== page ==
"The political theology of Christian nationalism, their very identity, is dependent upon a common well of myths and lies," he says. "Without the historical cover that the lies give, their policy justifications crumble."
Common myths he points to include American verbiage such as "One nation under God" and "In God We Trust." The former was added to the Pledge of Allegiance in 1954 and the latter was not required on currency until 1956. The original motto the founders suggested was the Latin phrase E pluribus unum, which translates to "Out of many, one." Other untruths are that the Declaration of Independence references Jesus multiple times, that the founders prayed at the Constitutional Convention, and that our laws were based on the Ten Commandments.
But Seidel's book goes beyond gently correcting historical inaccuracies spewed by Christian nationalists, pointing out that correction is not enough at this political moment. He makes the claim that America's foundation is in direct opposition of the principles found in the Bible.
"Pointing out errors is no longer sufficient," says Seidel. "This book does that, but it takes the next step. It goes on the offensive. This book is an assault on the Christian nationalist identity. Not only are Christian nationalists wrong, but their beliefs and their identity run counter to the ideals on which this nation was founded. They are un-American."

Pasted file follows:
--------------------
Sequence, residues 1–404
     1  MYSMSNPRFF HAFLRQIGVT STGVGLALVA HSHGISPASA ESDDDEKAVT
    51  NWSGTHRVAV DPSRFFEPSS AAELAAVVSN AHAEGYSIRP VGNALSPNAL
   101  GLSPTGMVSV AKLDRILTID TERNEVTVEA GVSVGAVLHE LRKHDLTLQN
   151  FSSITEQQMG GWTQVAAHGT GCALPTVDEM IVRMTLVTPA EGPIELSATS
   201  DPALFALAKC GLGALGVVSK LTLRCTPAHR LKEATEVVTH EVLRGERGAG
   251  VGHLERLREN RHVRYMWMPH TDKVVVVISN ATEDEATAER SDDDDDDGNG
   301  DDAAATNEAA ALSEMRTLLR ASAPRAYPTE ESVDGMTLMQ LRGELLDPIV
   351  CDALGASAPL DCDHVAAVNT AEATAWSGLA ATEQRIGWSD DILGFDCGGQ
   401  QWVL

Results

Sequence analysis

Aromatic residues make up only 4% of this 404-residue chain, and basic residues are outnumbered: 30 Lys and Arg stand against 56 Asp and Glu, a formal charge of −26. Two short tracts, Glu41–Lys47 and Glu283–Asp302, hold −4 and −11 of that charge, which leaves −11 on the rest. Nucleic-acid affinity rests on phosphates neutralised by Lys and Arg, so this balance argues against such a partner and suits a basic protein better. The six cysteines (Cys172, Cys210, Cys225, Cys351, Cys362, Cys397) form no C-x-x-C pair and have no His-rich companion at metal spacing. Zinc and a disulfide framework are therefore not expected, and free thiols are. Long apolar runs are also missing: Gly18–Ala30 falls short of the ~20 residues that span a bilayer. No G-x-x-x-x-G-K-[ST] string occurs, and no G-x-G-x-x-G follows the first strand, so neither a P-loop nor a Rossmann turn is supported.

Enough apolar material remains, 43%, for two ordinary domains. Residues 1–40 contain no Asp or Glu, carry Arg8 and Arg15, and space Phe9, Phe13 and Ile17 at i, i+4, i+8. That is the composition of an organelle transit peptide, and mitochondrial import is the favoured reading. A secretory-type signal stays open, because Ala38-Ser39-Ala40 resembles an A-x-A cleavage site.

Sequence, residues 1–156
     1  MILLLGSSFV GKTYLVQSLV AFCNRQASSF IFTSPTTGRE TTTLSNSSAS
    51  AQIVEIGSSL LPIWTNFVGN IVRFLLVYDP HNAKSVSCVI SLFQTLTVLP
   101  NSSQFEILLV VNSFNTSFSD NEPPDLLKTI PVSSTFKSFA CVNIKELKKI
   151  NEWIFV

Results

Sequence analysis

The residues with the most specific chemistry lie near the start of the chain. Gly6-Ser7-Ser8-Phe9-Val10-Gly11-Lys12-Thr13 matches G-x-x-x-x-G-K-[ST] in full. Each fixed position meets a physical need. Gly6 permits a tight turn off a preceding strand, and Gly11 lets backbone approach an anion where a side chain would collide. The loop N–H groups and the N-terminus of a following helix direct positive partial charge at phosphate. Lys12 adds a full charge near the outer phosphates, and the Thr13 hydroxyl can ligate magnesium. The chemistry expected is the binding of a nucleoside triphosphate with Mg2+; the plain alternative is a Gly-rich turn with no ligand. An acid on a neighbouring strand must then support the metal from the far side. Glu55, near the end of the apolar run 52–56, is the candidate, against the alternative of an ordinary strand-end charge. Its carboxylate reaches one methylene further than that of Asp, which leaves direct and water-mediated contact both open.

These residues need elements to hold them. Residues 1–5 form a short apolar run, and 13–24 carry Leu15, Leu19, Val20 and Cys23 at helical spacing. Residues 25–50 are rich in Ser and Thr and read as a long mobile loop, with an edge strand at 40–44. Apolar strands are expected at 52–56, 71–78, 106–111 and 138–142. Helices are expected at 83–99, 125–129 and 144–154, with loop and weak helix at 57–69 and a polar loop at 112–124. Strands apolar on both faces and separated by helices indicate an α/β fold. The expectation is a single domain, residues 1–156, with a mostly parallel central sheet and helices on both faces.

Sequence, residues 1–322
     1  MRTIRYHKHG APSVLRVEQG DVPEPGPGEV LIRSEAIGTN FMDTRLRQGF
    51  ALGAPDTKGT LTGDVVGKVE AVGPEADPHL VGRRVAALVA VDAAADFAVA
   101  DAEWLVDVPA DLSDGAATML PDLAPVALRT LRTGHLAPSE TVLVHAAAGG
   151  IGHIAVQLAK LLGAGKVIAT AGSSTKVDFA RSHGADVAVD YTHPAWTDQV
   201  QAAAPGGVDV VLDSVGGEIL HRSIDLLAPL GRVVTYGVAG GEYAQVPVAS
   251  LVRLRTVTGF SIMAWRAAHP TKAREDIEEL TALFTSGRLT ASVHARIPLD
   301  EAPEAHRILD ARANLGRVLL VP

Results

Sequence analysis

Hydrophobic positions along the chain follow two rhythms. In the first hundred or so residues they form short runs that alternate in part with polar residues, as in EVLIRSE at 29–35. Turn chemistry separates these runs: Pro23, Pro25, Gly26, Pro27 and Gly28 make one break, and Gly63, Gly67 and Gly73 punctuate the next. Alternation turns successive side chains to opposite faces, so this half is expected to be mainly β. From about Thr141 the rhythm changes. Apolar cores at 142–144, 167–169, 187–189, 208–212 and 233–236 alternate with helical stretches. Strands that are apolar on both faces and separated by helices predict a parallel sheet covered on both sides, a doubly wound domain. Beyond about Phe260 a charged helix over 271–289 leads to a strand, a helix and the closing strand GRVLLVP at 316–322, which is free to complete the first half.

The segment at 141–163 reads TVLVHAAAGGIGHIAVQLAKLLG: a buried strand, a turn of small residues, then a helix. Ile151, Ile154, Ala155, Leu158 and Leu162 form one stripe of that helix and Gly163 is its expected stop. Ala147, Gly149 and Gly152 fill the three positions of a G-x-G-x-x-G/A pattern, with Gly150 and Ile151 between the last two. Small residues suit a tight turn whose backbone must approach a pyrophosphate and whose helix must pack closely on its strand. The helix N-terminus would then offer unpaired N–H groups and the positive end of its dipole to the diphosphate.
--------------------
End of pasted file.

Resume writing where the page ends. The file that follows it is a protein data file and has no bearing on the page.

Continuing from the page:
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The central question that Seidel sought to answer was: Did Judeo-Christian principles positively influence the founding of the United States of America?
"The answer to that is no, America was not founded on Judeo-Christian principles, and it's a good thing because those principles are fundamentally opposed to the principles on which this nation was built," argues Seidel.
For example, there is a common misconception that America's legal system is based on the Ten Commandments. He devotes an entire chapter of the book to rigorously debunking the myth commandment by commandment.
"When you crack open a bible and read those it becomes very obvious that they are fundamentally opposed to American values and founding principles," says Seidel, who points to commandment number one: I am the Lord your God, you shall have no other gods before me. "It would be very difficult to write a sentence that is more fundamentally opposed to our First Amendment than the First Commandment."